#MeToo began last year as a social media call to arms in the wake of the Harvey Weinstein scandal in Hollywood. The hashtag movement is the offspring of the larger Me Too movement that was founded by Tarana Burke in 2006. Tarana’s life work has been to create a better world for survivors of sexual violence, both with Me Too and her non-profit Just Be, Inc. When “Me Too” was co-opted for the hashtag movement on social media, Tarana, who found out on Facebook the term was being used independent of the movement she’d started, embraced it and quickly aligned her work with the hashtag, calling it “empowermental empathy.” Together, Me Too has been able to expand the fight much farther. Tarana’s been recognized by Time Magazine twice since and remained visible from the Golden Globes red carpet to Dr. Christine Blasey Ford’s testimony last week. Jezebel interviewed Tarana on the one year milestone of #MeToo blowing up. Tarana is optimistic about their work building momentum but cautions us that the conversation needs to stay on the needs of the survivors and get away from the perpetrators.
On the past year and the popularity of #MeToo: This has been a year for the record books, right? I think that, certainly, from last year to this year, the level of awareness has grown exponentially. So I think it’s two things: on the one hand, there’s been a great shift in the way we talk about sexual violence. And the fact that we talk about it at all. The conversation about sexual violence, in general, is expanding. We have never really had a national conversation about this. I think that’s probably the biggest change. But on the flip side, there hasn’t been enough of the right kind of conversation, if you will. There hasn’t been enough conversation about the needs of survivors, of what people actually need. Solutions. It’s been mostly about perpetrators. That has been really difficult, I think.
But I could not have asked for, I could not have paid for, the kind of publicity and exposure that has been brought to this work. So I take the good with the bad.
On #MeToo becoming short-hard in the media: They have definitely watered it down. I had a really interesting conversation with a male celebrity who referenced somebody as being “me too-ed.” In his defense, he wasn’t saying it to poke fun at the movement itself. But when we had a private conversation about it—I was disappointed because I felt this person understood based on conversations we’d had—he asked me how it was offensive. He was surprised I took offense to it. I said, you know, the problem here is that it takes away from what the words are for. But it also has this connotation as if there’s a target on a person’s back or a way that people get entangled. Like they’re being ensnared in something: Oh, they got me too-ed. All of that makes it harder to do our work.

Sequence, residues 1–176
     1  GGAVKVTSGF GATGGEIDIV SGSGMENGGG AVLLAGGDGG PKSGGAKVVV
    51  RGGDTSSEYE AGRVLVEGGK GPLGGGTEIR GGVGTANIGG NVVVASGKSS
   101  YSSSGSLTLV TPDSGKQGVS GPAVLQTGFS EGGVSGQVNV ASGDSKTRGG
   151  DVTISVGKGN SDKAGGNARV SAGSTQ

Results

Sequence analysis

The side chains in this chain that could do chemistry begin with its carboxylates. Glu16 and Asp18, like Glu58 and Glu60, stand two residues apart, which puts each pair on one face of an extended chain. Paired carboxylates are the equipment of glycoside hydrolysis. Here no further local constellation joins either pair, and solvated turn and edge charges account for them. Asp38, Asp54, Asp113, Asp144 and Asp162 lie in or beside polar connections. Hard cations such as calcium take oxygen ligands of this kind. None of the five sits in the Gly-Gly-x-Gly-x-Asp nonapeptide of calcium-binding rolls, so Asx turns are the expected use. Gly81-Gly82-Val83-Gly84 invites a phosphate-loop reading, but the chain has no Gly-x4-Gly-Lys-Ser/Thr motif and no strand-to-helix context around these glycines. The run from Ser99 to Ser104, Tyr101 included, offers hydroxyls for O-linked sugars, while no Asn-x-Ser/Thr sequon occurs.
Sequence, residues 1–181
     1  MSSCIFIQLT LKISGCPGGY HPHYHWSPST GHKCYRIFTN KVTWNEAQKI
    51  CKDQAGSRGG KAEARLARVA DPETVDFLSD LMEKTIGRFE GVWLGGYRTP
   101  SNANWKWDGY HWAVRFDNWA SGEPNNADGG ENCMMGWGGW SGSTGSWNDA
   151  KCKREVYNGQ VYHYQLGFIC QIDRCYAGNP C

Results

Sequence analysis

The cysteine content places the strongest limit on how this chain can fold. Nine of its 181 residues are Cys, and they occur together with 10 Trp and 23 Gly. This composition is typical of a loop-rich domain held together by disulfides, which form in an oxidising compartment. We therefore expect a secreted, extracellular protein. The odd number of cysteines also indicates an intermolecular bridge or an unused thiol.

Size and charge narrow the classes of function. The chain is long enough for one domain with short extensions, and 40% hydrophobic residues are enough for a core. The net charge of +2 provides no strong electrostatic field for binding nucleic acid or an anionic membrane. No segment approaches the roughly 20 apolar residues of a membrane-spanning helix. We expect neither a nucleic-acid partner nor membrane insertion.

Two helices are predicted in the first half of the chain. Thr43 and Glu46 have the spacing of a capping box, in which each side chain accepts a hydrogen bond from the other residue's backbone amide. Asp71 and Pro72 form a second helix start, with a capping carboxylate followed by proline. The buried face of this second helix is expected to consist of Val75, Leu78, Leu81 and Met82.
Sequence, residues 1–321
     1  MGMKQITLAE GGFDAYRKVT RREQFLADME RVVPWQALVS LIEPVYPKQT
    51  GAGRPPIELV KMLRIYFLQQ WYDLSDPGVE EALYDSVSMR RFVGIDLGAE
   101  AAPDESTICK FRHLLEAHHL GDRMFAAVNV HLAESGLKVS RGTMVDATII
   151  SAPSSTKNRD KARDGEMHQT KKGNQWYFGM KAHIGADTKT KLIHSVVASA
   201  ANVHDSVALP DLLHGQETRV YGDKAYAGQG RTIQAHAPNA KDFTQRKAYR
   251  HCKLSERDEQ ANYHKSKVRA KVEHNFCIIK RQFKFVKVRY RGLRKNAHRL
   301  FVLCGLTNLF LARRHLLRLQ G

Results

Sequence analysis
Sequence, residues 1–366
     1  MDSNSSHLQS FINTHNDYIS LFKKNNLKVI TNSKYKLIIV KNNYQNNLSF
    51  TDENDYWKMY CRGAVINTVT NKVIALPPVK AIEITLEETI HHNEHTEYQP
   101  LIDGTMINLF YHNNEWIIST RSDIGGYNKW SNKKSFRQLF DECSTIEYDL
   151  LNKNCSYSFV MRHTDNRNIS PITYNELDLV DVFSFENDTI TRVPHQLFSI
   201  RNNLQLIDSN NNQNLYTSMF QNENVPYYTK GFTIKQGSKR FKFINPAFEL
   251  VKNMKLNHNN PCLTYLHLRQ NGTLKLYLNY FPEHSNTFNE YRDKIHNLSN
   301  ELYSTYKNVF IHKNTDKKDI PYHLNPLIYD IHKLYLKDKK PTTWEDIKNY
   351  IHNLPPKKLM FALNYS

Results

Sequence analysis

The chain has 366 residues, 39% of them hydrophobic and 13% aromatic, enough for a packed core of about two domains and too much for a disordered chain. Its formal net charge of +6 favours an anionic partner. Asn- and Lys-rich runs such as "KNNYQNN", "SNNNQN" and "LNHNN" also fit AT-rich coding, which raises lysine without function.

On Henry Cavill’s #MeToo comments: I mean that was just a dumb comment. But the important part is that it is reflective of what so many men think and say now. Because they jump to the part that’s like, Oh well now we’ve got to act different. All these women are super sensitive. It just highlights how the media talks about #MeToo.
On not letting the media dictate the narrative We cannot as a movement depend on the media to catch up with us before we decide that we’re legitimate. The way that those things live side by side is that they just do.
On what’s next for Me Too: We know the reality, we know the statistics, we know the community, we know the landscape. It’s up to us to strategize about how we move forward despite the fact that the media is saying one thing. Because the media will come along, eventually, at some point. People who are thoughtful and who really committed to the fullness of the issue will pick it up and run and help us get traction.
I could take several lessons from Tarana’s book on checking my ego for the sake of the work. I appreciate how she phrased her response about Cavill. His were stupid comments, but the message we should take is actually the larger context of how he looked at it. Not only is it the knee-jerk reaction for many men’s thinking, it also speaks to how the media is presenting the message. In this and other interviews, it is clear that Tarana’s interest lies in the needs of the survivors. And yet, that’s never the story, is it? The story is always the atrocities of the attackers and it wasn’t until I read this interview that I understood the difference.
I am inspired by Tarana. I’m inspired by how gently she refuses to let someone else control the narrative. I’m inspired that she is so dedicated to her cause that she openly embraces those who, unwittingly or outright, try to erase her contributions. And I am especially inspired by her patience and grace. Not only will I frame my discussion of Me Too and sexual violence differently, I know what to listen for when speaking with others.
Photo credit WENN Photos